Historic mansion ravaged by fire rises from the ashes to win design award
PUBLISHED: 13:24 28 July 2020 | UPDATED: 13:26 28 July 2020
It once lay in tatters, destroyed and ravaged by fire - but now Sudbury’s historic Goldsmiths Mansion has been repaired to such a high standard that it has won a top architectural award.
Goldsmiths Mansion, a Grade II listed building situated on the junction of Market Hill and Friars Street, was devastated by the blaze in September 2015.
The building, which dates back to 1776 and was also known as Mattingly’s, completely collapsed in the early hours of the morning in the Sudbury town centre inferno, which destroyed four or five other buildings surrounding it.
The fire was caused by an electrical fault and resulted in the destruction of the historic building, left 20 people homeless and the charity Oxfam and other businesses bereft of trading premises.
After extensive renovation works courtesy of architects Wincer Kievenaar and Rose Builders construction company, Goldsmiths Mansion has now been awarded the Alan Phillips Architectural Awards for outstanding contributions to the built
environment in Sudbury.
Owners Roger Mattingley and Christina Manning were determined that the re-build should be in keeping with its setting and retain original characteristics. The result achieved, they said, “is more than we could have hoped for”.
Philip Branton, director of Wincer Kievenaar, said: “Goldsmiths Mansion has been a fantastically rewarding project to work on, the attention to detail and careful choice of traditional materials has resulted in a building the whole team can be proud of.”
Steven Rose, managing director of Rose Builders, said: “We are delighted that Goldsmiths Mansion has been recognised with this award.
“The project delivery involved total teamwork from architect to builder, tradesman to supplier and we are very proud that the building will endure as a significant landmark within the Sudbury town centre street scene.”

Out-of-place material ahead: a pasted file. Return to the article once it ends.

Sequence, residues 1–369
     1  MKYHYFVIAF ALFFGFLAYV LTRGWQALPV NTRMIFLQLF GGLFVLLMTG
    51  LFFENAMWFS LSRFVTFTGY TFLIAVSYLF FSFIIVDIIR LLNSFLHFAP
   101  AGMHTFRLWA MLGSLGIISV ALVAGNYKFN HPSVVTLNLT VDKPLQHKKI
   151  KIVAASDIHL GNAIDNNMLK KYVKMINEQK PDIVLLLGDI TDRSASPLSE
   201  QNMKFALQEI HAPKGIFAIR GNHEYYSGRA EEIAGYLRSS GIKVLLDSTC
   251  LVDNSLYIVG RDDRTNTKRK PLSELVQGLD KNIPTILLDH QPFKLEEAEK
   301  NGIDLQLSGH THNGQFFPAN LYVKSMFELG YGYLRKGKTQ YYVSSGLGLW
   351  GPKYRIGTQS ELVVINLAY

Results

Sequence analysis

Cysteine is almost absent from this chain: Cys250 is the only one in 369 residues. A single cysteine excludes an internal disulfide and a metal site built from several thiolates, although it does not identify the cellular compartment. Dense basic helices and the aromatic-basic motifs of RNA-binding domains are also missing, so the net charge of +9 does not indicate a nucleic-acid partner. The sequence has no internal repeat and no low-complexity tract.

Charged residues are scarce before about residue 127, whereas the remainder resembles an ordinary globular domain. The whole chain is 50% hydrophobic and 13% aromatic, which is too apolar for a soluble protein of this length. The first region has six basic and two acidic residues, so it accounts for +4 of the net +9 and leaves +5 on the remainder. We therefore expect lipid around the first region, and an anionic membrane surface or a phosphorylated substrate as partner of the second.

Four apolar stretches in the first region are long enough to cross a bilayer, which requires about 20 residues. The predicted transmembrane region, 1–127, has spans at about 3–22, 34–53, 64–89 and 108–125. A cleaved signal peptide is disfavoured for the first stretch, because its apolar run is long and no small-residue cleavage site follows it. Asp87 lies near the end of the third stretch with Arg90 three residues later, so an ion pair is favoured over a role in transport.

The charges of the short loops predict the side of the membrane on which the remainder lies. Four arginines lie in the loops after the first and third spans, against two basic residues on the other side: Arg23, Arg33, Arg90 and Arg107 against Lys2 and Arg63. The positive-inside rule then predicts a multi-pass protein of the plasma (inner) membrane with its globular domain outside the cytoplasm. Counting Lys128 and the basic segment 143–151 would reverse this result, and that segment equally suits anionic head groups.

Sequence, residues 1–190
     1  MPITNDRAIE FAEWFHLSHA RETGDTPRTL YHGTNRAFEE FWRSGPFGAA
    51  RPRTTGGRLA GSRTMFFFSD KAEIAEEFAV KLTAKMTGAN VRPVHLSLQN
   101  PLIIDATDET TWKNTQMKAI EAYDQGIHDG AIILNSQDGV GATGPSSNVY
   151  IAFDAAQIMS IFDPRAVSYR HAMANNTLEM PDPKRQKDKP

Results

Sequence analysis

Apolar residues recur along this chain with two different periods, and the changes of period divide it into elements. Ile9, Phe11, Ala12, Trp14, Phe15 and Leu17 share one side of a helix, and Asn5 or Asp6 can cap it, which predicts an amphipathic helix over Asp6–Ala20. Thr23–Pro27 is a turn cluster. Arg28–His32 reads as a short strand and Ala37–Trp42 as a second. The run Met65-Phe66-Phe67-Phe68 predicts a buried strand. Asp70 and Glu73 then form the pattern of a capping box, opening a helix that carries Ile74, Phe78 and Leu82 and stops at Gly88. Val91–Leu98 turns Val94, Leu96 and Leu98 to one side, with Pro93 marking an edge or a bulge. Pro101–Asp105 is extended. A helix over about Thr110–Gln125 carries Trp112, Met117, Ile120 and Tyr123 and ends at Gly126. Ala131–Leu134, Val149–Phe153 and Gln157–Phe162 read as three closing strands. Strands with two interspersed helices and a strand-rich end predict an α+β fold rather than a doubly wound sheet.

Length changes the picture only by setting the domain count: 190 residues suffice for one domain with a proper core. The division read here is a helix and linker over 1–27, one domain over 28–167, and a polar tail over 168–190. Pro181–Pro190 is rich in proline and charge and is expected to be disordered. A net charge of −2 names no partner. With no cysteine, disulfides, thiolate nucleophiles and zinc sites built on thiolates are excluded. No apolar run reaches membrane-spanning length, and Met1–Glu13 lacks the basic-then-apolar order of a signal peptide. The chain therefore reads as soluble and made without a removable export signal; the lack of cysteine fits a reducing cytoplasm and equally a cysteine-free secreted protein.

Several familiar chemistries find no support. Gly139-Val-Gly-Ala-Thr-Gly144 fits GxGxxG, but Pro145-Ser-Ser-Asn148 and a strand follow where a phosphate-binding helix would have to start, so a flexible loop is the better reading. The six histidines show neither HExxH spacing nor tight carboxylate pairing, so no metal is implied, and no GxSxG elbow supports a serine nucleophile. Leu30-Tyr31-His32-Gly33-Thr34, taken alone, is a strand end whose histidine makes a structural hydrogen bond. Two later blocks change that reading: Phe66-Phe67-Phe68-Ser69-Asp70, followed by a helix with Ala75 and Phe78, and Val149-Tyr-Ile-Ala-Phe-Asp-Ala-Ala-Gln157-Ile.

St Leonards, the former hospital which closed in the same year as the fire, has also been recognised for the high-quality refurbishment by Hartog Hutton, which managed to retain most of the original features of the Victorian building.
Malcolm Payne, director at Hartog Hutton, said: “We were keen as a company from the outset to keep and restore as much of the old Victorian building as possible, and fortunate we had a solid canvas to work on.
“We put in a lot of work with our design team and it’s an honour to share the award with Goldsmiths Mansion which I think is really outstanding and deserving of recognition.”
Chairman of The Sudbury Society, Ian Liddell, said: “We are very fortunate to have had two such outstanding submissions for the Alan Phillips Architectural Awards this year.
“The judging panel agreed that both projects demonstrated the highest standards of restoration and conservation, deploying traditional skills whilst creating a new modern life for these buildings.”